Type: Journal Article
Authors: J. I. Kumar, M. Anthony, S. A. Crawford, R. A. Arky, A. Bitton, G. L. Splinter
Year: 2014
Source:
Kumar JI, Anthony M, Crawford SA, Arky RA, Bitton A, Splinter GL. A comparison of Tier 1 and Tier 3 medical homes under Oklahoma Medicaid program. The Journal Of The Oklahoma State Medical Association 2014;107:157-161, .
Publication Place: United States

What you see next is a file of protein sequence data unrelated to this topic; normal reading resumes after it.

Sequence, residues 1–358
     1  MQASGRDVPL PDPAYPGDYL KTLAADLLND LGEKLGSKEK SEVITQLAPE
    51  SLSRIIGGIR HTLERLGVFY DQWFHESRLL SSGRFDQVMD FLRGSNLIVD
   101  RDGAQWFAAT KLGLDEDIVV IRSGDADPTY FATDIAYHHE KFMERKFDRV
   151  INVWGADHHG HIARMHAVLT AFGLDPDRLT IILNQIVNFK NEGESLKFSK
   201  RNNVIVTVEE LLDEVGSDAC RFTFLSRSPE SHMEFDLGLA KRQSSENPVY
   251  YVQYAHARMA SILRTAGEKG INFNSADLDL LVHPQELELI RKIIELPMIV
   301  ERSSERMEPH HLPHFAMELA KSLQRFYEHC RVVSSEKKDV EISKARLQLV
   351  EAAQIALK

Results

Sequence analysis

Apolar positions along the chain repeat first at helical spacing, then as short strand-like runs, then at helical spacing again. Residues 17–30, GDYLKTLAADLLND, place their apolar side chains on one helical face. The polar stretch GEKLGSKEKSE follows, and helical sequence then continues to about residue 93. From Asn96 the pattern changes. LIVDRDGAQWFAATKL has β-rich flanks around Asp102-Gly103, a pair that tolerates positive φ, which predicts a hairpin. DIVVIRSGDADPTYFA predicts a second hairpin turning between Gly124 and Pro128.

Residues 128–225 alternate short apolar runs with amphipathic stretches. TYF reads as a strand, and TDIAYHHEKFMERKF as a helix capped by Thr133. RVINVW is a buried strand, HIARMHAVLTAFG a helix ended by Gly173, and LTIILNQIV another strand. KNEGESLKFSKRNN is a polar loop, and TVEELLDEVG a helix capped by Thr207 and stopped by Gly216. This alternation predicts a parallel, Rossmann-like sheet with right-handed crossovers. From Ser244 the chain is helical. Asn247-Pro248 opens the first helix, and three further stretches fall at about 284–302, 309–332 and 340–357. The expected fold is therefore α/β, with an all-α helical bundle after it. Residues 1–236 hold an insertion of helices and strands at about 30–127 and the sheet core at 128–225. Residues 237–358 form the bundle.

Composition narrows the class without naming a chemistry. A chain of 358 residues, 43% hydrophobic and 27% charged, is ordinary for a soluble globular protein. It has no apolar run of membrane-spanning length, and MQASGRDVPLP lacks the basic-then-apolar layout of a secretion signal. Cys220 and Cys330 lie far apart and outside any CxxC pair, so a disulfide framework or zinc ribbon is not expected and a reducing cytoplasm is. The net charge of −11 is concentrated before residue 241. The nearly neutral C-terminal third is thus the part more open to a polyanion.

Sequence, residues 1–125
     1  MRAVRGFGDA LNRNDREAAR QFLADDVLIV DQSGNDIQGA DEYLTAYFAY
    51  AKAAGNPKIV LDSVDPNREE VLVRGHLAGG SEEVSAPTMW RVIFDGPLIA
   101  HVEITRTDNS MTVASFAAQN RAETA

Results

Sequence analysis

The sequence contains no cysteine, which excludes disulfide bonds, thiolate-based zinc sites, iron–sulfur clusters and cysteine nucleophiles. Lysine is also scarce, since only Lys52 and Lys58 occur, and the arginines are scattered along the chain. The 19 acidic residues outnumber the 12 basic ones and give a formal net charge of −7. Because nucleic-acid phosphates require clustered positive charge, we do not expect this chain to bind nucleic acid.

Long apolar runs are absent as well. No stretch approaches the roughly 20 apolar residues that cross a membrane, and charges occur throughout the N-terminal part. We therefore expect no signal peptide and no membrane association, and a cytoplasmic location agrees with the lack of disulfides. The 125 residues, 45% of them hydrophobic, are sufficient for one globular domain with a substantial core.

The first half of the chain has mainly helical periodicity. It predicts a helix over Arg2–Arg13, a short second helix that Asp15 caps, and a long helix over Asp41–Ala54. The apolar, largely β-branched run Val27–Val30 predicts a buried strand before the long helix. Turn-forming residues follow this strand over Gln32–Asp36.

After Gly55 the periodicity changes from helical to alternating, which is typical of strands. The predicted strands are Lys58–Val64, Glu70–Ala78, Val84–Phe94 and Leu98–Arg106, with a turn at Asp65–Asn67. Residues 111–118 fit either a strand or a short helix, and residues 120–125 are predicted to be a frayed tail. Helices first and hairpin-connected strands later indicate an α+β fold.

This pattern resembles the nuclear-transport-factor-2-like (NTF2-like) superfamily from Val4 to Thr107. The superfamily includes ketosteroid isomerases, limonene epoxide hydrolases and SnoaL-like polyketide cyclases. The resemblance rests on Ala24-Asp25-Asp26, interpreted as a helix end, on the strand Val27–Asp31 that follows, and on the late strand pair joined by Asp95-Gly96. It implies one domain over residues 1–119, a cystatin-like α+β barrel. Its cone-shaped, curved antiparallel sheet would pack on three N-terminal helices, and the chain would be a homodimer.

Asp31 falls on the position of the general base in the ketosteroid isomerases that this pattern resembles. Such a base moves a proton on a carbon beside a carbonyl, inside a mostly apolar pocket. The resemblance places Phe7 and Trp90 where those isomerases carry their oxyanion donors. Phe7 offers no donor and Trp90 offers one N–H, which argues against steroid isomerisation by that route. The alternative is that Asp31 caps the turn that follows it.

Abstract: INTRODUCTION: The patient-centered medical home (PCMH) is a team-based model of care that seeks to improve quality of care and control costs. The Oklahoma Health Care Authority (OHCA) directs Oklahoma's Medicaid program and contracts with 861 medical home practices across the state in one of three tiers of operational capacity: Tier 1 (Basic), Tier 2 (Advanced) and Tier 3 (Optimal). Only 13.5% (n = 116) homes are at the optimal level; the majority (59%, n = 508) at the basic level. In this study, we sought to determine the barriers that prevented Tier 1 homes from advancing to Tier 3 level and the incentives that would motivate providers to advance from Tier 1 to 3. Our hypotheses were that Tier 1 medical homes were located in smaller practices with limited resources and the providers are not convinced that the expense of advancing from Tier 1 status to Tier 3 status was worth the added value. METHODS: We analyzed OHCA records to compare the 508 Tier 1 (entry-level) with 116 Tier 3 (optimal) medical homes for demographic differences with regards to location: urban or rural, duration as medical home, percentage of contracts that were group contracts, number of providers per group contract, panel age range, panel size, and member-provider ratio. We surveyed all 508 Tier 1 homes with a mail-in survey, and with focused follow up visits to identify the barriers to, and incentives for, upgrading from Tier 1 to Tier 2 or 3. RESULTS: We found that Tier 1 homes were more likely to be in rural areas, run by solo practitioners, serve exclusively adult panels, have smaller panel sizes, and have higher member-to-provider ratios in comparison with Tier 3 homes. Our survey had a 35% response rate. Results showed that the most difficult changes for Tier 1 homes to implement were providing 4 hours of after-hours care and a dedicated program for mental illness and substance abuse. The results also showed that the most compelling incentives for encouraging Tier 1 homes to upgrade their tier status were less"red tape"with prior authorizations, higher pay, and help with panel member follow-up. DISCUSSION: Multiple interventions may help medical homes in Oklahoma advance from the basic to the optimal level such as sharing of resources among nearby practices, expansion of OHCA online resources to help with preauthorizations and patient follow up, and the generation and transmission of data on the benefits of medical homes.